Project Spotlight | Madison Square Park Tower


Project Update

December 28, 2017

Madison Square Park Tower at 45 East 22nd Street (Photo: Will Femia)

Madison Square Park Tower

Madison Square Park Tower is a 61-story residential tower that reaches 777 feet at its pinnacle. The ultra-luxury condominium building is located at 45 east 22nd Street in Manhattan’s historic Flatiron District near Madison Square Park and only one block away from the Flatiron building.

The building consists of 83 simplex, duplex, full-floor and penthouse apartments and amenity spaces that include automated parking, a library and a basketball court, all totaling 260,000 square feet. The building is clad with a sculptural glass façade that sits atop a five-story stone-clad base intended to harmoniously blend with the surrounding neighborhood. The tower is sculpted so that the floor plate is as small as 62-feet-wide by 52-feet-deep near the base which gives a maximum slenderness ratio of about 13:1. Compounding the overall slenderness, the tower cantilevers outward as it rises to maximum floor plate of 94-feet-wide by 52-feet-deep.

The gravity system is comprised of flat slabs spanning from the interior shear wall core to perimeter columns with varying cantilevers because of the complex tower geometry. Floor plates vary from ten to 12-inches-thick at residential levels as the spans lengthen with increasing height. Thicker slabs are used at mechanical areas including a 20 inch slab at the west side of the roof to support a 1.2 million pound tuned mass damper system. The lateral system is comprised of one full-height shear wall core centered on the south side of the building with wall thicknesses ranging from 42 inches at the base to 24 inches at the roof. The core is connected to perimeter columns at the 33rd floor mechanical level with a one-story outrigger/belt wall.

Given the combination of complex geometry (every plate above the sixth floor is a unique shape) and required column-free interiors, a two-way flat plate system was chosen. The system provides flexibility in locating columns (including sloped and walked columns) while providing maximum ceiling height for floor to ceiling glass walls.

The greatest challenge of the project was the design of the lateral system to resist the required forces and to meet strict drift and acceleration requirements, while resisting the inherent gravity overturning resulting from the top-heavy design.  A system of high-strength concrete shear walls, 14000 psi at the base down to 8000 psi at the roof, coupled to perimeter columns mid-height of the building with the belt wall was selected. The design of this system was accompanied by wind tunnel shaping studies to find the optimum configurations. While the concrete system alone meets the drift requirements, a tuned mass damper at the roof level was added to reduce building accelerations to acceptable levels.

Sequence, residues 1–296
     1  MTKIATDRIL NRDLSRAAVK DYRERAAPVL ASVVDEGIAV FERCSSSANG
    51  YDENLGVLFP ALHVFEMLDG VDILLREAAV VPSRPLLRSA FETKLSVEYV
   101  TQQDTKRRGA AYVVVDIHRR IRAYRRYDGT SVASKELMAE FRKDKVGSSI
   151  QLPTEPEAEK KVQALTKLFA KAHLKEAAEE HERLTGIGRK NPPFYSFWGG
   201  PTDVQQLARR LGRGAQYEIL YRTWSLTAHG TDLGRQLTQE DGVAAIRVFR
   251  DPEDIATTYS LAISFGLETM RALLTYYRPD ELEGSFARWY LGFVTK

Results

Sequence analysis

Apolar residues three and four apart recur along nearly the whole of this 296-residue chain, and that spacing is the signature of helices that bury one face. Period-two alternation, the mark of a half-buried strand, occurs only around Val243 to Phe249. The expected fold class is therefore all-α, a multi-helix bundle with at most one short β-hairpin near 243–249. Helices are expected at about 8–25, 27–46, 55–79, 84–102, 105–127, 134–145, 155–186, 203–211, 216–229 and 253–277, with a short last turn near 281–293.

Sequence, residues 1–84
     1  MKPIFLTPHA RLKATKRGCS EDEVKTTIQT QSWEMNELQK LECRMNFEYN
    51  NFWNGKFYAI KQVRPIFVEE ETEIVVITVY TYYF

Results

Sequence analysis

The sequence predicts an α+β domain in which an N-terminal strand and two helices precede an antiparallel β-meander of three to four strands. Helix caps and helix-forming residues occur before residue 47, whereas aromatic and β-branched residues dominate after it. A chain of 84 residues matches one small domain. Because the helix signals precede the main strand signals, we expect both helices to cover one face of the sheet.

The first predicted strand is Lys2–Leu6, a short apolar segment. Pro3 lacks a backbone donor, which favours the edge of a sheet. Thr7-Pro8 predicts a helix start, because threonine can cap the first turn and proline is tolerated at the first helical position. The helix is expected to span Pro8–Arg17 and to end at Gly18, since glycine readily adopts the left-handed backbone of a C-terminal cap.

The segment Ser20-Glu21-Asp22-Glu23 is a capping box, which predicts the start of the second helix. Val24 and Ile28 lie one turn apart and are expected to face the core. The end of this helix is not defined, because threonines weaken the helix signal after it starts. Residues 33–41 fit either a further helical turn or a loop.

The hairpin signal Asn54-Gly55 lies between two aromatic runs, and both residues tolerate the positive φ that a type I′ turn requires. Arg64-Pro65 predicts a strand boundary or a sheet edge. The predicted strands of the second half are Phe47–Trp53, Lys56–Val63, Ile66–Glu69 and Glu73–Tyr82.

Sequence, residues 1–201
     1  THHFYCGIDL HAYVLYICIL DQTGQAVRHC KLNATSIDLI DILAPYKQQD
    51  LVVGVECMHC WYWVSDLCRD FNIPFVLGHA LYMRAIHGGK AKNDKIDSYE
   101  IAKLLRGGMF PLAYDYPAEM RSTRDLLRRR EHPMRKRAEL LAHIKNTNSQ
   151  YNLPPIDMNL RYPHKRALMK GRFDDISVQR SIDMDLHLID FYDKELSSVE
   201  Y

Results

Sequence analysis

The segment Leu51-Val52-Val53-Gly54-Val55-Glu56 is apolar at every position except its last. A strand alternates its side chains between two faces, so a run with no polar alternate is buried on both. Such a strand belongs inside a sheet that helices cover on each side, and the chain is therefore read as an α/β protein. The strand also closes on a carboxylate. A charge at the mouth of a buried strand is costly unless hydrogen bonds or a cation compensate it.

The building is supported on a 50-foot-wide by 80-foot-deep mat that is eight-feet-thick. The mat bears on 20 tsf bedrock and includes 32 270 ton rock anchor tie-downs to resist overturning. The mat is reinforced with four layers of rebar top and bottom and local shear reinforcement as required.

Aerial view of construction progress

Construction below the 11th floor included numerous structural transfer elements as the tower reduces to its minimum footprint at the seventh floor. From the seventh to 11th floor, the west side of the tower cantilevers 16.5-feet-out over an adjacent building. The system is design as a multi-story bracket braced to the core, with the base of the bracket (compression) reacting through eight-feet-wide by two-feet-deep bracing beams and the top of the bracket reacting (tension) through groups of #14 GR97 SAS threaded bars.

Above the 11th floor, the building was typically construction with a fast-track, two-day pour cycle – alternating the pour of the vertical concrete elements and the horizontal concrete elements. This allows for a shortened construction schedule that wouldn’t be possible with other structural systems. Throughout the project, GR75 vertical reinforcement is used in the shear core and columns to reduce reinforcement congestion. The belt wall at the 33rd floor mechanical level is constructed with 2-foot-thick perimeter walls that couple to the core to the perimeter columns. Large openings for mechanical louvers were accommodated with careful analysis and added reinforcement. The tuned mass damper is located at the west side of the roof level and its weight bears half on the core and half on the slab. A system of a 20 inch slab with 48-inch-wide by 40-inch-deep beams is utilized at the slab support to provide adequate strength for the 1.2-million-pound steel damper assembly.

The design and construction of this tower was a dynamic and challenging process that could not have been achieved successfully without the cooperation and responsiveness of all design consultants and construction team members.

Madison Square Park Tower at 45 East 22nd Street (Photo: Will Femia)